Friday, 28 November 2014

Crossing the Line by Kerry Wilkinson

review by Maryom

Manchester is suffering from a spate of seemingly unprovoked, unrelated attacks - some serious, others less so. Newly promoted DI Jessica Daniel and her team have seemingly no clues to go on, so how can they ever find the perpetrator?
Meanwhile the anniversary of a police success is coming up - it's 25 years since The Stretford Slasher's reign of terror came to an end with his arrest and imprisonment. The police who helped put him behind bars should all be mighty pleased - shouldn't they?

Although I read the first of the author's teen dystopian series
Reckoning earlier this year, I've jumped into this series at book number 8, which is why this book languished for so long on the 'to review' pile. It didn't prove to be a problem though; if anything piecing together Jessica's backstory was another 'detection' in itself.
The story starts slowly with Jessica and her team rather floundering around with no leads to follow and no connection between the various attacks, but this gave me time to become acquainted with the characters before the action really kicked off. Jessica herself was a character I quickly warmed to - strongly-focussed, using dark humour to get her through bad days, able to hold her own in a male-dominated world.

An enjoyable read with several unexpected twists. The strong female lead, the Manchester setting plus the overall mix of dogged police work and unsettled private life make it rather reminiscent of one of my favourite TV cop shows, Scott and Bailey - so if you're a fan of that, it's time to discover Jessica Daniel.

Maryom's review - 4 stars
Publisher - Pan Macmillan

Genre - Adult, crime

Thursday, 27 November 2014

Let's Play edited by Debjani Chatterjee and Brian D'Arcy

Poems about Sports and Games from around the world
Illustrated by Shirin Adl

Review by The Mole

This bright book with it's many lovely illustrations is more about poetry than pictures. And, as the title suggests, they have one thing in common - games. Today we are encouraged to do active sports, but that's not for everyone and this collection covers baseball and football but also running and swimming, chess and scrabble, surfing and skateboarding - even computer games get a mention.

Many poems are describing the aspirations of the game or competition but some are just for fun. The poets selected come from around the world with some older poems from the likes of John Masefield and many ones such as Wes Magee and the editors of the anthology. The poems types vary tremendously from simple rhyme to blank verse, a Haiku and a shape poem. In some cases they are just short sections lifted from longer poems.

There really is poetry for everyone in this collection that is packaged for children but fun for everyone.

In the back is a list of all the sports mentioned and a brief resumé of them.   

A really lovely book that will delight.

Publisher - Frances Lincoln
Genre -children's poetry book

Wednesday, 26 November 2014

The Flying Man by Roopa Farooki


review by Maryom

In a cheap hotel in Biarritz, an old man sets about writing a letter - one that won't be discovered till after he is dead; one that he feels will explain and excuse him to his friends and family. For even Maqil himself, compulsive gambler, inveterate liar, and charming con-man, is beginning to see that his life-style needs defending. Born in Lahore in the Punjab, he's travelled all over the world, lived in the US, England, Egypt, France, Hong Kong, adopting a new name and identity for each, blending in for a while then moving on again. Along the way, he's made and lost fortunes, married three times, fathered two children and is now a grandfather, but now is old, alone and penniless, facing the ultimate gamble - death and whatever lies beyond.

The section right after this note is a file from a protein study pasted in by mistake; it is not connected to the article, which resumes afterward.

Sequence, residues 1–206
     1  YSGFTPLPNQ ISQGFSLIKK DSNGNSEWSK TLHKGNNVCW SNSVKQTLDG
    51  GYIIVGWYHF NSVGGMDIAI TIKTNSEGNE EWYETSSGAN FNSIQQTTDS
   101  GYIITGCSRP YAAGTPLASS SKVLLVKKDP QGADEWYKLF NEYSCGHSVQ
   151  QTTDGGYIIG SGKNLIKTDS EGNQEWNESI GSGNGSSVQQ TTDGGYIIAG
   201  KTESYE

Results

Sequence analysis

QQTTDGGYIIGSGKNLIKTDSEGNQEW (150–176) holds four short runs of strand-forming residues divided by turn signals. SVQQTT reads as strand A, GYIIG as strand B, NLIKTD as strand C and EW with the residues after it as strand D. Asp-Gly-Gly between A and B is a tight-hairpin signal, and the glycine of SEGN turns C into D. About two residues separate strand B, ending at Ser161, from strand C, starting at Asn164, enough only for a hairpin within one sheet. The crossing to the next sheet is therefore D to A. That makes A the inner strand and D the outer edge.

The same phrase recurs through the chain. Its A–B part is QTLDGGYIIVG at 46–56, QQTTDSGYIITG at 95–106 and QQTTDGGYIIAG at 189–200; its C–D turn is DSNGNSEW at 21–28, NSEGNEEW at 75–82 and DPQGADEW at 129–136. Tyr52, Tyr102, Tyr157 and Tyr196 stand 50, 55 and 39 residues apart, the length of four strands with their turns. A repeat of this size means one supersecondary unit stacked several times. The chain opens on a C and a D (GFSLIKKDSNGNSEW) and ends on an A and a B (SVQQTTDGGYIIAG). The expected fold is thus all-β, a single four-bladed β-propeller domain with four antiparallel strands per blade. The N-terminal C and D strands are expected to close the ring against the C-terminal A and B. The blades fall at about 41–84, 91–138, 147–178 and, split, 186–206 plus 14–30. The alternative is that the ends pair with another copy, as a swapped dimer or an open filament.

I discovered Roopa Farooki's writing earlier this year with The Good Children, a 600 page family-epic style novel, and have been searching my local library for more by her.  The Flying Man is almost as sweeping a novel, charting the life and 'careers' of Maqil Karam, as for most of his eighty years, trading on his good looks and charm, he flits and flies round the globe, moving on when the going gets too hard or when he might be called to account, financially or emotionally.
 Maqil is an entertaining, loveable rogue, who sees himself as moving on from one adventure to another, but beware anyone who gets too close, for at heart he's a commitment-phobe. Maqil believes, of course, that HE is the one who's had all the fun but while he's constantly on the move, escaping the responsibility of wives, children, and taxes, others are putting down roots, raising family, and  forming those lasting ties that bind us together. At the end, his life, supposedly full of glamour and intrigue, doesn't feel like it really adds up to much - he's just a lonely old man in an out-of-season holiday resort, waiting for the end - his one redeeming feature being his love for his second wife Samira.
This is the sort of story I love - a fully fleshed out world to lose myself in completely, with believable characters I can relate to; a story that pulled me in, moving from humorous to touching, that through one man's fictitious life made me think about the things that I believe to be important.

Longlisted for the Orange prize and the Impac Dublin Literary Award

Maryom's review - 5 stars
Publisher - Headline Review
Genre - adult fiction, literary,

Tuesday, 25 November 2014

Cute Emergency by Tony Heally

review by Maryom

Don't we all occasionally feel the need for something to brighten a dull or stressful day? Well, here's the answer - a delightful little book filled from cover to cover with adorable cuteness that's sure to lighten your mood. 
 
Compiled by the creator of well-known 'cutesy' Twitter accounts, @CuteEmergency, @EmrgencyKittens, @OhMyCorgi and @HereBeHuskies from thousands of pet pictures sent in by fans, it's a hundred or so pages of animals behaving cutely.
We've all got a soft spot for animals, and from kittens and puppies, rabbits and hamsters to elephants, bears and gorillas, there has to be something here to appeal to each and everyone of us, whatever our age. It's hard to pick a favourite but this huge St Bernard taking care of tiny kittens is mine.

For just a few minutes, leave the cares and worries behind and indulge in this cute-fest, I dare anyone to flick through it and resist smiling!



Publisher - Bantam Press
Genre - picture book, all ages

Monday, 24 November 2014

Endless Empress by Kirkland Ciccone